Yes, I'm sorry about the abuse of notation.

You are calculating $A^a = \frac{d}{d\tau} U^a = U^b \nabla_b U^a = U^b \left( \partial_b + \Gamma^a{}_{bc} U^c \right) U^a$ but I'm using this $A_i=\nabla_n U_i U^n$ which is the "covariant derivative of $U_\mu$ projected in the $U^\mu$ direction". You can see why I need the vector and covector explicitly. The quote and the expression are from Stephani's book 'General Relativity' (about page 175).

So we are not calculating the same thing and I may have spread confusion in other ways. I need time to sort this out but for now I am not completely confident about these acceleration results.

#### PeterDonis

Mentor
I'm using this $A_i=\nabla_n U_i U^n$ which is the "covariant derivative of $U_\mu$ projected in the $U^\mu$ direction".
I would write this as $A_i = U^n \nabla_n U_i$ to avoid ambiguity in what the covariant derivative is operating on. This is just lowering an index on what I wrote:

$$A_i = g_{ai} A^a = g_{ai} U^n \nabla_n U^a = U^n \nabla_n g_{ai} U^a = U^n \nabla_n U_i$$

So if $A^a$ vanishes, $A_i$ must vanish as well.

#### Mentz114

Gold Member
I would write this as $A_i = U^n \nabla_n U_i$ to avoid ambiguity in what the covariant derivative is operating on. This is just lowering an index on what I wrote:

$$A_i = g_{ai} A^a = g_{ai} U^n \nabla_n U^a = U^n \nabla_n g_{ai} U^a = U^n \nabla_n U_i$$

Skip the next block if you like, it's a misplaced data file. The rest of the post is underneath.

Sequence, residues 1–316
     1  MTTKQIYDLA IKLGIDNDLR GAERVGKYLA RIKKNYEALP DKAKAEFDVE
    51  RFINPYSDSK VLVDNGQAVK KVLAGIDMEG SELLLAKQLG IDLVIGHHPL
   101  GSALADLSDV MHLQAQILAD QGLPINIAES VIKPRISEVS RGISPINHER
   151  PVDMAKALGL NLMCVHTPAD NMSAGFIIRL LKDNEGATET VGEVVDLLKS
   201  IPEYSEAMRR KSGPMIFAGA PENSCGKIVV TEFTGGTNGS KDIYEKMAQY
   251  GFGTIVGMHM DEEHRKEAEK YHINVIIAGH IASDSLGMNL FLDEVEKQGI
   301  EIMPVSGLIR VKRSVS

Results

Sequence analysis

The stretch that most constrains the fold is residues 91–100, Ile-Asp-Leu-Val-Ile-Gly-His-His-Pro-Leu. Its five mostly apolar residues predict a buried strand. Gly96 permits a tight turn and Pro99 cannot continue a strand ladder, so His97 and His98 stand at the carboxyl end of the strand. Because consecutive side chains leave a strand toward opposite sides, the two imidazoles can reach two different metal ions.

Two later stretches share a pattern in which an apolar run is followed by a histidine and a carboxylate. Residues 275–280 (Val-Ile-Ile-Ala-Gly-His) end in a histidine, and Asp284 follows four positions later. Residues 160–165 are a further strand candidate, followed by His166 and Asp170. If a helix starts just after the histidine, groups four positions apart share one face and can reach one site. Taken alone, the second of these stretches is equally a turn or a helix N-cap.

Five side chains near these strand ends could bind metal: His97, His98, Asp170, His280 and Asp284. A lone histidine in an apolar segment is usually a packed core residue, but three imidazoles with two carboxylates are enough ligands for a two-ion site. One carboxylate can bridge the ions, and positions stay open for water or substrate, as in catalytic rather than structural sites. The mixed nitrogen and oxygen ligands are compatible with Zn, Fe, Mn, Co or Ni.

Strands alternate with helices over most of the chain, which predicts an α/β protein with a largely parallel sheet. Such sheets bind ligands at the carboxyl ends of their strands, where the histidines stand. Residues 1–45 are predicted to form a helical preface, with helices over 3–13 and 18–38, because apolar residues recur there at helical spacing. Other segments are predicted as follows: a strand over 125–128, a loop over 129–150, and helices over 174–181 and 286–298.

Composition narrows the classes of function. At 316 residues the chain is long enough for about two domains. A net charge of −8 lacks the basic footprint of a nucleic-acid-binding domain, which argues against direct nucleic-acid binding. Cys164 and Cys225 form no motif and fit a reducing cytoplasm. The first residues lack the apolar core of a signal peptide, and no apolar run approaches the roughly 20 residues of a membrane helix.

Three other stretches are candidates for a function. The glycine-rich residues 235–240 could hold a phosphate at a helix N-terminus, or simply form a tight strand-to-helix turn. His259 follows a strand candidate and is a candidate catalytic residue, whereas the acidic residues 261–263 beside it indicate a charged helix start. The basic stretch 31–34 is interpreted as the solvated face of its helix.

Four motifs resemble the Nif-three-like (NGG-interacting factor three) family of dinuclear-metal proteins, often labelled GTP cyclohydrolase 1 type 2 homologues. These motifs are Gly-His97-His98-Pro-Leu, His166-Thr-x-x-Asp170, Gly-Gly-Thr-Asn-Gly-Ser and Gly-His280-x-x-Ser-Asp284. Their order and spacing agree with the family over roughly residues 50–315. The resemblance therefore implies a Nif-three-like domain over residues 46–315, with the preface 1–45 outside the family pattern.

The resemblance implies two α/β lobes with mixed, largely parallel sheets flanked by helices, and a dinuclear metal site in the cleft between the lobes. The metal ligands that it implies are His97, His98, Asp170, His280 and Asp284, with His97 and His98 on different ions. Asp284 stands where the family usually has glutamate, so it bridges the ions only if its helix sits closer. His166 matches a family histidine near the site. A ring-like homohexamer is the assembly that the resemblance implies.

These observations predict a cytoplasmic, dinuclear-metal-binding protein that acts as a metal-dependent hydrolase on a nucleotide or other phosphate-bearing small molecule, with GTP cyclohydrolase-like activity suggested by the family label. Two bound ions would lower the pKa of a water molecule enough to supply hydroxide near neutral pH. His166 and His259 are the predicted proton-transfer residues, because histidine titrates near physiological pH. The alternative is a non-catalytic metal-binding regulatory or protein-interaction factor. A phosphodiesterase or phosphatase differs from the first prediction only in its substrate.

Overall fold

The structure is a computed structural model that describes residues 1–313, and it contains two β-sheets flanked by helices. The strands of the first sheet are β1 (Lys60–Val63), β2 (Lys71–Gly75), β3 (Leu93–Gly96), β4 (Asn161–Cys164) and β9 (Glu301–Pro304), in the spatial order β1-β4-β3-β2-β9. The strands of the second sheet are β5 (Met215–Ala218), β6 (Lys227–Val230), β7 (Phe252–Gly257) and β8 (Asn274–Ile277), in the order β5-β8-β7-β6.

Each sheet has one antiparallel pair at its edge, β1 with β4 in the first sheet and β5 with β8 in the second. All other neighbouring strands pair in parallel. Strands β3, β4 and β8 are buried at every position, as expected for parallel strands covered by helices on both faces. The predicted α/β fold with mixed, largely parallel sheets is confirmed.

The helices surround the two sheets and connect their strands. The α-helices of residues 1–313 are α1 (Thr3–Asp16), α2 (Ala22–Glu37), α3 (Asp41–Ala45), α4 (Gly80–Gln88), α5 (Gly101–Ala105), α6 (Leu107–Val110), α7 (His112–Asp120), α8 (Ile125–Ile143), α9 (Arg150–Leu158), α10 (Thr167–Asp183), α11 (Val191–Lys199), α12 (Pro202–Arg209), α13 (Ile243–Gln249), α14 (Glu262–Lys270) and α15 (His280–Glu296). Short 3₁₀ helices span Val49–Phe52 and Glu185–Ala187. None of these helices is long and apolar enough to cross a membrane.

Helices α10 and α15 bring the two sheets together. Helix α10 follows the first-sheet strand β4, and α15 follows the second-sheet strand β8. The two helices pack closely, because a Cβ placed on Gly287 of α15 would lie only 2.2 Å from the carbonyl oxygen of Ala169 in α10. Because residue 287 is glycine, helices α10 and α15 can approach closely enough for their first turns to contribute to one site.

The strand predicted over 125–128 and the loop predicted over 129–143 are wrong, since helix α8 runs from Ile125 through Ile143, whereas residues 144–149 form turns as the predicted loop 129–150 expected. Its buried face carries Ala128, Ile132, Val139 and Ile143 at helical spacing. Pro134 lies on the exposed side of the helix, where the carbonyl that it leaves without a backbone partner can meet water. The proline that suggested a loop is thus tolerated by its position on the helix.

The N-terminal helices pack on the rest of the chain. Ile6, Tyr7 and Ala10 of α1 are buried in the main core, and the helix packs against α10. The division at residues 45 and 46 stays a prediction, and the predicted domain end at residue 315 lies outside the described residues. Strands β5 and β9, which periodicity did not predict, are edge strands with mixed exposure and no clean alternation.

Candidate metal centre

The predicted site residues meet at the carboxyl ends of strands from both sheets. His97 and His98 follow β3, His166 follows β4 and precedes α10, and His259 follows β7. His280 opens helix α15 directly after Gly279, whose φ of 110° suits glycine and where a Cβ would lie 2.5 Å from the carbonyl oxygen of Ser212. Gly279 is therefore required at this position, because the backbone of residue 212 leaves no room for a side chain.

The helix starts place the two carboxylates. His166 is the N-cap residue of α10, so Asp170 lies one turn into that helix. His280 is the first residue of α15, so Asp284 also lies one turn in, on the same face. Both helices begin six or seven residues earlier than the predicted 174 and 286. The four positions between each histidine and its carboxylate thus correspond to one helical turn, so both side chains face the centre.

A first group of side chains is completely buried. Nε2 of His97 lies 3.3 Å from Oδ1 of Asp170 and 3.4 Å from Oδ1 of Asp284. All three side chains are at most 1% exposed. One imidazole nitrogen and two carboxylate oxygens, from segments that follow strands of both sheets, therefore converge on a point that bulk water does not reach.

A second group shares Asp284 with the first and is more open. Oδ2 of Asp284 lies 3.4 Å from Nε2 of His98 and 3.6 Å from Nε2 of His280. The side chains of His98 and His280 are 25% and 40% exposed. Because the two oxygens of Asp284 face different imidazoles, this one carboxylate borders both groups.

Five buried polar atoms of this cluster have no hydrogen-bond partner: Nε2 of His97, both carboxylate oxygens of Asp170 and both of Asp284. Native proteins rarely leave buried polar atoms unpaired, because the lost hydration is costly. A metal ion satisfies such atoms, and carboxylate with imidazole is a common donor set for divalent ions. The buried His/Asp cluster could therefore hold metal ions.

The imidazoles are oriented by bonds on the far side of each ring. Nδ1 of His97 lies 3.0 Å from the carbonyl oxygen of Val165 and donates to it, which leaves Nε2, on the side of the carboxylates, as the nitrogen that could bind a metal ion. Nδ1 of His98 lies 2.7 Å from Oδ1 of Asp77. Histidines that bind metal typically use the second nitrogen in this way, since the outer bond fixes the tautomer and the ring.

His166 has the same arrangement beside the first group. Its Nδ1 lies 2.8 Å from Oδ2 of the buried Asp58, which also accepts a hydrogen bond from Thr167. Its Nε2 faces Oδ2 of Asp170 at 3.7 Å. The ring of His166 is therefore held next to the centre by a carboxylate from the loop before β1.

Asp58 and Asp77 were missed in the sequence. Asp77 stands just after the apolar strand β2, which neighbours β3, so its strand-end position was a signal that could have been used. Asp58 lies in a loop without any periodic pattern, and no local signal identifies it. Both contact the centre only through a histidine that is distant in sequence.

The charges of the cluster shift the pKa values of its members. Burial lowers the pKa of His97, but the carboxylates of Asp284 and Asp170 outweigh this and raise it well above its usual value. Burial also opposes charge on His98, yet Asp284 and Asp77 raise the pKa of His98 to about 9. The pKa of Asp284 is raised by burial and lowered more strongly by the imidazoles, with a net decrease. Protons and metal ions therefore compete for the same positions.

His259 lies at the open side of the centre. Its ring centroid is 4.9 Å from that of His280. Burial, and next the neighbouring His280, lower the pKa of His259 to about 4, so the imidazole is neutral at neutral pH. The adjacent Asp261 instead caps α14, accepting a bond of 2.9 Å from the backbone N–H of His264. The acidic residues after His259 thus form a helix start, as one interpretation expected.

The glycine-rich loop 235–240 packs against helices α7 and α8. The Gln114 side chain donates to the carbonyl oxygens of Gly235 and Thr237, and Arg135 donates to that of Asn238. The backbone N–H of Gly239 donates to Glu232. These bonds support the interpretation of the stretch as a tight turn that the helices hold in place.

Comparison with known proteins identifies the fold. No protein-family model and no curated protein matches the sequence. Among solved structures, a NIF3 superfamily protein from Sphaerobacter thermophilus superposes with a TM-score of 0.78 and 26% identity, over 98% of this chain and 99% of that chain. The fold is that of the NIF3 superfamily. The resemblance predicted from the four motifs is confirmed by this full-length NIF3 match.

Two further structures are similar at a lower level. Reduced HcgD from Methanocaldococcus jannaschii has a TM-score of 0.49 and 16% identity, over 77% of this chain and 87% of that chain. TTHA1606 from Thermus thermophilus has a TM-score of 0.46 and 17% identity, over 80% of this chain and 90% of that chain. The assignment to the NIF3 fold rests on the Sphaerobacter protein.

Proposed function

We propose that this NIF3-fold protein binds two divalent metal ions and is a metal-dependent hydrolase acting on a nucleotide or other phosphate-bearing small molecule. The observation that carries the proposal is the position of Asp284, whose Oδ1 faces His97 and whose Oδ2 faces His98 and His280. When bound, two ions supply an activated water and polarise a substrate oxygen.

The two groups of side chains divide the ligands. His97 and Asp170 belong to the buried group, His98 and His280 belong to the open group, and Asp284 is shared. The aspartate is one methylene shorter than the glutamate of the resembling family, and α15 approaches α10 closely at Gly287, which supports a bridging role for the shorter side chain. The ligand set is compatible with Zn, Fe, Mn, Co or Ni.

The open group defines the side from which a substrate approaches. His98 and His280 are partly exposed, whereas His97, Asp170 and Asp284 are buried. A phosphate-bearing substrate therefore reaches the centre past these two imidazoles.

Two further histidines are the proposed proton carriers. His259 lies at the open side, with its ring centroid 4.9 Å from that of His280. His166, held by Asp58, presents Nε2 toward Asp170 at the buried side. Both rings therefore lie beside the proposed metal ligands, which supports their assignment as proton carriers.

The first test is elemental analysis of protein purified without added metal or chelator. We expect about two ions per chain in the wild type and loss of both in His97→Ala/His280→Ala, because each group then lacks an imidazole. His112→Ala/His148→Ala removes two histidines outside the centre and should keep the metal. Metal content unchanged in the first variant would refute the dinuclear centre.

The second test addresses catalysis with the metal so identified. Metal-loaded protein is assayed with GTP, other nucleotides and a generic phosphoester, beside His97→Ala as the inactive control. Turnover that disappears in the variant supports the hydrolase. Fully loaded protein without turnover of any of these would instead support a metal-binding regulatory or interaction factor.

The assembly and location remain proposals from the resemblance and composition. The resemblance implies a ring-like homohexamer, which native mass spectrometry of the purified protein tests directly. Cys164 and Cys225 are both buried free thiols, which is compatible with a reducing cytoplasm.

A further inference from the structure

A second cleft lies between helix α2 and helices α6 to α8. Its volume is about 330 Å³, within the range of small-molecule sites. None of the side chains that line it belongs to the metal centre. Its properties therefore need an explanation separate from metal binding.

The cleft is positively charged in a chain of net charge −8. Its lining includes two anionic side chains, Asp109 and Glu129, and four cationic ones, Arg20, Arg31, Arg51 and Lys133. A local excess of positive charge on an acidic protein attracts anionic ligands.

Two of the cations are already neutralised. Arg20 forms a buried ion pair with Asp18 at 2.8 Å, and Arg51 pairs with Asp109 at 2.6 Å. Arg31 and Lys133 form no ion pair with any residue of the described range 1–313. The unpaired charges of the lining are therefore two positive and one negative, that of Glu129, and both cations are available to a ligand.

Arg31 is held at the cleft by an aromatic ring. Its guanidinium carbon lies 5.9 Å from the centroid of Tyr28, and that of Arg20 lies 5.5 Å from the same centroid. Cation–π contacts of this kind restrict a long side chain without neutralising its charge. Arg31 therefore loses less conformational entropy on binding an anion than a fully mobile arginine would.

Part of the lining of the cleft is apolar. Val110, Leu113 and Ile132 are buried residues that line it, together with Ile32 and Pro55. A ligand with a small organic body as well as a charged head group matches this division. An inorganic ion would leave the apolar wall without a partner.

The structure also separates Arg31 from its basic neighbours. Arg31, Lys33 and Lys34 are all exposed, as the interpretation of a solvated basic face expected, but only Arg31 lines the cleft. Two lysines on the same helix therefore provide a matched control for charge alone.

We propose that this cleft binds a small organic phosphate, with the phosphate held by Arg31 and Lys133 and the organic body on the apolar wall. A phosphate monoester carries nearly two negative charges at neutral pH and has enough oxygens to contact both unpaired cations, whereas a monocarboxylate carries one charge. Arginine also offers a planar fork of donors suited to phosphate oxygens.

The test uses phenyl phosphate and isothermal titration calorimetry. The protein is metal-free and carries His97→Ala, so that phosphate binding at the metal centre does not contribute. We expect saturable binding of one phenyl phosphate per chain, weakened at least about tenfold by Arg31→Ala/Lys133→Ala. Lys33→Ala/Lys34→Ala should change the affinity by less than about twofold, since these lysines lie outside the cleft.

So if $A^a$ vanishes, $A_i$ must vanish as well.
I have worked it by hand and my calculation is correct. I will post the details later.

#### Mentz114

Gold Member
I would write this as $A_i = U^n \nabla_n U_i$ to avoid ambiguity in what the covariant derivative is operating on. This is just lowering an index on what I wrote:

$$A_i = g_{ai} A^a = g_{ai} U^n \nabla_n U^a = U^n \nabla_n g_{ai} U^a = U^n \nabla_n U_i$$

So if $A^a$ vanishes, $A_i$ must vanish as well.
It does by my calculation.

The proper acceleration of the vector
$$U_\mu=\sqrt{1-{L}^{2}}\ \vec{\partial_t}-rL\vec{\partial_\phi}/\sqrt{1-{L}^{2}}$$
is $\dot{U}_\nu=(\nabla_\mu U_\nu) U^\mu$, the covariant derivative of $U_\nu$ projected in the direction $U^\mu$.
The covector $g^{\mu\nu}U_\nu$ has only a time (first) component so the only terms of $D_{\mu\nu}=\nabla_\mu U_\nu$ which can be selected by the contraction of $D_{\mu\nu}$ with $U^\nu$ are in the first column, $D_{1,k}$.

Using $\nabla_\mu U_\nu = \partial_\mu U_\nu - {\Gamma_{\mu\nu}}^\alpha U_\alpha$ there are eight instances where ${\Gamma_{\mu\nu}}^\alpha U_\alpha$ is non-zero listed below in the 'Trace output section' in the pdf.

The first two lines are equivalent to
\begin{align*} D_{12} &= -{ \Gamma_{12}}^1 U_1 - { \Gamma_{12}}^4 U_4\\ &=\frac{L\,\left( {L}^{3}-L\right) }{2\,r\,\sqrt{1-{L}^{2}}}-\frac{\left( L-1\right) \,{L}^{2}\,\left( L+1\right) }{2\,r\,\sqrt{1-{L}^{2}}}\\ &= 0 \end{align*}
and since there are no other candidates in the first column of $D_{\mu\nu}$ this is sufficient to eliminate any proper acceleration.

Calculating the mixed covariant derivative $D^\mu_\nu$ and contracting with $U^\nu$ also gives a zero proper acceleration ( naturaly this uses a different form of the definition of $D_{\mu\nu}$ above).

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"Strange circular geodesic"